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Let's decide who will win the ALCS based on TV shows, food, and more

Choose the ALCS winner based on food, music, and more

Sure, a detailed breakdown about which team is likely to triumph in the ALCS would be a fantastic read, full of graphs and charts and more statistical analysis than you'd know what to do with. But you know what else is fun? Deciding who's going to win the ALCS based on the important measures like TV shows set in the competing cities, bands that call those cities home, and more. 

Ready? Let's get started.

Iconic TV Shows


While there are plenty of TV shows set in Kansas or Missouri (think Smallville or Johnny Bravo, set in Missouri's fictional Aaron City), there are few set in KC itself. The most notable is probably Malcolm and Eddie, a UPN sitcom starring Malcolm-Jamal Warner (who you know as Theo Huxtable) and Eddie Griffin as owners of a wacky Irish bar. It was definitely as popular as Baltimore's most iconic TV show, which everyone knows was Ace of Cakes.

What? Isn't The Wire an obscure reality show about electricians? 

Celebrity Fans


The Orioles have a lot of celebrity support, including at least one of a clan of sparkly vampires and rock star Joan Jett. But their biggest fan (by actual size, at least) is the Hulk. Bruce Banner the first, also known as Edward Norton, said in a 2011 interview that all he wanted for his birthday was an O's revival. Looks like he got his wish, even if it was three years in coming. Actor Josh Charles, of Dead Poets Society fame, has also been cheering on the O's via Twitter all October long. And O's fans are notably stalwart -- they'll stick by their team through anything: 

So Baltimore has Jett, Pattinson and Norton. Who does Kansas City have? As it turns out, everyone else. Modern Family's Eric Stonestreet's love for the Royals is so intense it killed his phone and Paul Rudd, Rob Riggle and Jason Sudeikis, among many others, can be counted among the KC faithful. This year, Olivia Wilde took BP with the team and broke her bat:  

Not even the Hulk can say that.

Famous Native Sons and Daughters


Kansas City can lay claim to Walter Cronkite, Joan Crawford, Burt Bacharach and Count Basie. Baltimore has John Waters, Tori Amos, Billie Holiday and Upton Sinclair.  

Based on those groups, who could produce the better band? OK, but what about the better dodgeball team?



Say we want to have an actual battle of the bands. KC's entrant: Janelle Monae, even though she's from Kansas City, Kansas and not Kansas City, Missouri:

Baltimore would probably respond with Sisqo, though they could also choose a softer alternative:



You could argue about which city has produced better writers, but Baltimore's Emily Post would likely tell you that's not a very polite conversation topic. Kansas City's got William Least-Heat Moon, who wrote about the beauty of America, and Baltimore's got Edgar Allan Poe, who wrote about still-beating hearts buried under the floor.

Plus, Ernest Hemingway briefly lived in Kansas City and F. Scott Fitzgerald briefly lived in Baltimore, so if you'd like to continue that "best author of the twentieth century" battle you've been having since college, this series is your fight by proxy.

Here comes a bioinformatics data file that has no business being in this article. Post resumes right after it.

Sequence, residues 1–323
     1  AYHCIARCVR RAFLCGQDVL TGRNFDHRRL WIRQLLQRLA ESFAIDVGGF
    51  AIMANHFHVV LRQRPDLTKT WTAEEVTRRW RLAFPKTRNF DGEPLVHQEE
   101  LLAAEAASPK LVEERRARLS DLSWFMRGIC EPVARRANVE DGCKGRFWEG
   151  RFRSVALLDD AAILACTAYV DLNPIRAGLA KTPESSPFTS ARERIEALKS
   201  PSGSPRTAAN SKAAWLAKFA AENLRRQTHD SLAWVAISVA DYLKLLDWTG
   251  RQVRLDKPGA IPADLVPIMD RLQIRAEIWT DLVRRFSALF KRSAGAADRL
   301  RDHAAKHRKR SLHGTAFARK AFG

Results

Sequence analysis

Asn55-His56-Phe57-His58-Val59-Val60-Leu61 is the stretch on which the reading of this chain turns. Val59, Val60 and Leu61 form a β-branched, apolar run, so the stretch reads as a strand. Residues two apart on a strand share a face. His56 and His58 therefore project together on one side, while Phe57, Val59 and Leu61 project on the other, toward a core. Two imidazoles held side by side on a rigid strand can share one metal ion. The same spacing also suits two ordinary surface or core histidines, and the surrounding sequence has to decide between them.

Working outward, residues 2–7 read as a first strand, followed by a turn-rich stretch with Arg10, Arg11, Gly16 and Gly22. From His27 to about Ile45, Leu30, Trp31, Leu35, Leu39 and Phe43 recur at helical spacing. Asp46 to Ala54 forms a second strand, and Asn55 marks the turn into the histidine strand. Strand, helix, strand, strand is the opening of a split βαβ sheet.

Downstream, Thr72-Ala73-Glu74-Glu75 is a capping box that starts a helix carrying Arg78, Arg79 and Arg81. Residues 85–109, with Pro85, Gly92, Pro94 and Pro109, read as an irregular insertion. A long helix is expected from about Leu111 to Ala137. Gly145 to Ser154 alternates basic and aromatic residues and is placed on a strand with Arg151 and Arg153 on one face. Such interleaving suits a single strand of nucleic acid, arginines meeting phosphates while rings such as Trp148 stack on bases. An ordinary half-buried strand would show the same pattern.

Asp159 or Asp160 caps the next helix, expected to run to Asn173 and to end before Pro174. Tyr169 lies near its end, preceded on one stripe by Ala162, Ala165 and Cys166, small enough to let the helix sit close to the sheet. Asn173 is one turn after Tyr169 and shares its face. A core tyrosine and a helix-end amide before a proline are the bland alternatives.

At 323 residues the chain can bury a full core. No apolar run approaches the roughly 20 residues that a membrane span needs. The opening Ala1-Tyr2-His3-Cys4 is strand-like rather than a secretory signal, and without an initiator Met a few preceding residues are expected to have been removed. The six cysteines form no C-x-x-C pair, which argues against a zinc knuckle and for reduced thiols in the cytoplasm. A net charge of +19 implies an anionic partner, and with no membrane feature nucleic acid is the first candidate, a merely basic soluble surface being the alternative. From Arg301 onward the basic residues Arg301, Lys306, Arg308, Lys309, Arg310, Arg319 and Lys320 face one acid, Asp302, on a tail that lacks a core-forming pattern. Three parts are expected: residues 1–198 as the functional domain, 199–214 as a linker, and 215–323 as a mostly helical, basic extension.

Both Kansas City and Baltimore host museums that are meant to show us what our homes should really look like. Johnson County Museum, just outside of KC, has the 1950s All-Electric House, which is meant to showcase the benefit of filling your home with appliances. The Star Wars Toy Museum, outside of Baltimore, is meant to showcase the benefit of filling your home with Han Solo figurines. Both are essential to an average American's quality of life.

Equally essential is a healthy respect for baseball. KC is home to the Negro Leagues Baseball Museum and Baltimore the Babe Ruth Birthplace Museum. If history is your thing, you can check out Kansas City's National World War I Museum, located at the iconic Liberty Memorial, or visit the place where Francis Scott Key wrote "The Star-Spangled Banner" in Baltimore. 



Both the 1988 and 2007 film versions of the musical Hairspray are set in Baltimore. There are few notable films actually set in Kansas City, but director Robert Altman, who was born there, has been nominated for five more Oscars than John Travolta in drag, who was nominated for exactly none.



Everyone loves some Maryland crab, even Derek Jeter. Yelpers across the land rate Baltimore crab cakes an average of five stars and describe them using words like "best I've ever had" and "simply perfect."

Kansas Cityians, however, are so moved by their local delicacies that language alone does not suffice to describe them:

The city traces its barbecue'n origins back to the early-1900s and residents hace since opened up classic eats such as Arthur Bryant, Gates and Sons, Oklahoma Joe's and B.B.'s Lawnside BBQ. Pork, beef, chicken, turkey and even fish are slow-cooked to saucy perfection. 

By the numbers

Category Baltimore Kansas City
Overall Population 622,104 467,007
Year state joined the Union 1788 1821
States containing said city 1 2 (There's a KC in both Missouri and Kansas)
Team-related crafts available on Etsy 2,521 676
Famous public radio hosts born in city 1 - Ira Glass Ha, "famous" public radio hosts.
Restaurants visited by Guy Fieri 9 12
People who think it's fun to have a Coke with you 1 - Frank O'Hara Actually, Eric Hosmer will have a beer with you.


Read More: Baltimore OriolesKansas City Royals